I agree. If you want your fiberglass MH to look good and stay looking good use what boat owners use which is a fiberglass cleaner followed by a fiberglass wax. Meguliar's 44 or 49 applied with a DA polisher followed by Ultimate fiberglass wax for UV protection will work well if you are willing to also work at it. Cleaner on ours was recently done after 7 years of owning coach followed by waxing. Just make sure not to use the cleaner on decals 303 will protect decals. You can however wax over the decals
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Old 10-25-2012, 12:39 PM   #21
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Question: I know my rig has fiberglass sides, but I'm not sure that they are gel coat... On mine you can still see some of the fibers in the surface (it's not mirror smooth). I assume I do not have gel coat. Does this sound right?

If so, is there a difference in what one should use on maintaining a regular 'glass vs. gelcoat?
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Old 10-25-2012, 01:28 PM   #22
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Quote:
Originally Posted by 450Donn View Post
The problem with using polyglo or any of the floor finishes popular today is once you have it on, it can be a night mare to remove. Just ask me. After three years on my fiver the polyglo was starting to look bad, so I decided to strip it off and start over the correct way, with quality marine/RV waxes. Took me about 4 days of stripping and I still did not get all of the crap off. I just cant wait till all these proponents of this stuff start seeing the finish look bad and try to strip it off and redo it. The horror stories will be all over the forums. IMHO the absolute best thing you can do is start with the correct products for the job in the first place. Keep at it every year and enjoy your RV.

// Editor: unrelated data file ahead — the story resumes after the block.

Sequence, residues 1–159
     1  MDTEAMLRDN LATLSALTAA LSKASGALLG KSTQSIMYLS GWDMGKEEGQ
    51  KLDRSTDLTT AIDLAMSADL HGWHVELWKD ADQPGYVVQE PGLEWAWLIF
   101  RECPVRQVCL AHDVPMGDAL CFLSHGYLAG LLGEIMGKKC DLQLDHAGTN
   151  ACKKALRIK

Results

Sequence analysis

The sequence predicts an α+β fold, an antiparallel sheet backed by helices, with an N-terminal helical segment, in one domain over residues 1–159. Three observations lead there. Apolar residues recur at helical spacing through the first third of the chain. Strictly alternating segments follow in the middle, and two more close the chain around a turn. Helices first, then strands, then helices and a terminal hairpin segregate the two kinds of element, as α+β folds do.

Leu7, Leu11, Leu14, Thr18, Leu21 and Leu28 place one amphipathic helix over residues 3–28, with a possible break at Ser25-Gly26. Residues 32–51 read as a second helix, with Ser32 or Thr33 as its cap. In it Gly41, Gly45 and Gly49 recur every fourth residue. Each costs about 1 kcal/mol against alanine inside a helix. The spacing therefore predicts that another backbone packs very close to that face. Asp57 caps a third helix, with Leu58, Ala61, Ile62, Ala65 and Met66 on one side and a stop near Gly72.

I know its too late, but Poli Glow is very specific about using its aerosol stripper to remove the product. I was very worried about that too before I put it on, and talked to a couple of folks that did use this stripper and had no problems getting it off. BUT, Poli Glow requires a minimum once a year refresher or maintenance coat too. If they aren't kept up, it will deteriorate and get to the condition you encountered even faster in salt water areas I think it says 1-2 coats per year for maintenance..... I HOPE I never have to strip it, I have an extra bottle and will be doing my maintenance coat before summer next year, maintenance will sure be easier than what you are going through, I feel for ya!

Poli Strip - Aerosol Poli Glow Stripper - Poli Glow Products
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Old 10-25-2012, 01:38 PM   #23
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Quote:
Originally Posted by Steverino View Post
Question: I know my rig has fiberglass sides, but I'm not sure that they are gel coat... On mine you can still see some of the fibers in the surface (it's not mirror smooth). I assume I do not have gel coat. Does this sound right?

If so, is there a difference in what one should use on maintaining a regular 'glass vs. gelcoat?
Sorry, if you are seeing fibers, your gel coat surface has failed. There is only one fix. And it is expensive, time consuming and not for the average DIYer.
PolyGlo or any of the floor polish finishes people are touting on the forums will do nothing to fix your problem. It may look shiny, sort of for a while, but your underlying problem will still be seen. Strip, clean and reapply a gel coat is your only solution.
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Old 10-25-2012, 01:49 PM   #24
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A buddy of mine used Mop N Glo on the sidewalls of his tires on his Kenworth from new. Wipe it on.......Wipe it off. I tried it on one of my tires. I think it looks pretty good. I refuse to use ArmorAll as it wrecks the rubber.